David Farrell (December 20, 2010)
Political systems are very sticky. It takes a lot to uproot and alter them. This is why very few of the world’s established democracies have experienced the sort of radical reform that websites like this are calling for Ireland. The fact is that political systems are hard to change: once established the norm is to prefer the status quo.
There are instances of major change in established democracies, but they’re rare enough: France’s Fifth Republic; Italy’s reforms at the start of the 1990s; New Zealand’s new electoral system also in the early 1990s, and so on. It would be wrong to suggest that political change is common, easy to produce, or, indeed, always successful.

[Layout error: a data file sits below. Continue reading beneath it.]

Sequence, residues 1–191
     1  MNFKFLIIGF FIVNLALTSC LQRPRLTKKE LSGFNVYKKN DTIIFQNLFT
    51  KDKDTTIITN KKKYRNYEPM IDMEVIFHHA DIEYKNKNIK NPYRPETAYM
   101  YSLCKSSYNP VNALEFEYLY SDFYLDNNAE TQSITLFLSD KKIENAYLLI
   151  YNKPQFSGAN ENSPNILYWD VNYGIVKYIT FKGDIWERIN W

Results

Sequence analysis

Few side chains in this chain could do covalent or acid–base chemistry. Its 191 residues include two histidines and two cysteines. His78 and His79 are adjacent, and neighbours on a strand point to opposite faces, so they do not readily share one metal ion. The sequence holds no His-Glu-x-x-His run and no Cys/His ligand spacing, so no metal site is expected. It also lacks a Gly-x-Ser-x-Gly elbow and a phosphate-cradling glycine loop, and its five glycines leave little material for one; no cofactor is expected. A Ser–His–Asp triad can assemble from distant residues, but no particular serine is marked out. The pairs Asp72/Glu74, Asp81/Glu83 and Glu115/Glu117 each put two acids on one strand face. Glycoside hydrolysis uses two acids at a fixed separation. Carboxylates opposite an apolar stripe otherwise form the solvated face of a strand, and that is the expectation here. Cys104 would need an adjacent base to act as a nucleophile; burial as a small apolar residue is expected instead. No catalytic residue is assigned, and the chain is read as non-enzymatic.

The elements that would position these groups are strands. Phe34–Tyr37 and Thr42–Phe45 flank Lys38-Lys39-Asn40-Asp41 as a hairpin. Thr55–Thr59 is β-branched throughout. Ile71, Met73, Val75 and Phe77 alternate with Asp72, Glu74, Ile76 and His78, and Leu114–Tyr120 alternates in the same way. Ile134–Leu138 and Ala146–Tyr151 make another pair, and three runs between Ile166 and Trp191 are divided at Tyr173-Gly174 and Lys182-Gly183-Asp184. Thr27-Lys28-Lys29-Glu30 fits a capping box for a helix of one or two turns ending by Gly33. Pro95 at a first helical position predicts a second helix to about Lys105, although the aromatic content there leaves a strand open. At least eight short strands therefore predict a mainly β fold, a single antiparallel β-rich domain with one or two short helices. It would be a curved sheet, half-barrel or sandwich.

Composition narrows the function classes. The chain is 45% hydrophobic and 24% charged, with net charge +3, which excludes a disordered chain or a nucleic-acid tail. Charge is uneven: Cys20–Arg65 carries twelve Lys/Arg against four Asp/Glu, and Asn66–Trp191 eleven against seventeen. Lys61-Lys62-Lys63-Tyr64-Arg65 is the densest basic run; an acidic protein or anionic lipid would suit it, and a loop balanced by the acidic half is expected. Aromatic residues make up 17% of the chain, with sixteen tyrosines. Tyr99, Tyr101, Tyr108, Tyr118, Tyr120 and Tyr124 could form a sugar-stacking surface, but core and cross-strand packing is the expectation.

But it can and does happen. And what we know from previous experience is that one vitally important ingredient for change is a major political shock: a large-scale crisis that causes citizens to question the very institutions of state. The more cataclysmic the event the greater the impetus for change.
Could what we are currently going through be more cataclysmic?